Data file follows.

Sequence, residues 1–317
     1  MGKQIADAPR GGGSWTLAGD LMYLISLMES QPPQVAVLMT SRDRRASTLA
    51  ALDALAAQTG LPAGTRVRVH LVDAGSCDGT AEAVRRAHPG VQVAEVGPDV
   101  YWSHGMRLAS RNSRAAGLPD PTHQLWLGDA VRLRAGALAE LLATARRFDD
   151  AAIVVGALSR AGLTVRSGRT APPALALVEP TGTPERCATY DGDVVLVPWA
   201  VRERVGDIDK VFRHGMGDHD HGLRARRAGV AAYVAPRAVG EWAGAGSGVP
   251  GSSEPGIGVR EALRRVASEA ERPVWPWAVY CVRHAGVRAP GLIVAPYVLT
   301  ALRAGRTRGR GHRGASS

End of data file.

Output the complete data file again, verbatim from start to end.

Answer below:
Sequence, residues 1–317
     1  MGKQIADAPR GGGSWTLAGD LMYLISLMES QPPQVAVLMT SRDRRASTLA
    51  ALDALAAQTG LPAGTRVRVH LVDAGSCDGT AEAVRRAHPG VQVAEVGPDV
   101  YWSHGMRLAS RNSRAAGLPD PTHQLWLGDA VRLRAGALAE LLATARRFDD
   151  AAIVVGALSR AGLTVRSGRT APPALALVEP TGTPERCATY DGDVVLVPWA
   201  VRERVGDIDK VFRHGMGDHD HGLRARRAGV AAYVAPRAVG EWAGAGSGVP
   251  GSSEPGIGVR EALRRVASEA ERPVWPWAVY CVRHAGVRAP GLIVAPYVLT
   301  ALRAGRTRGR GHRGASS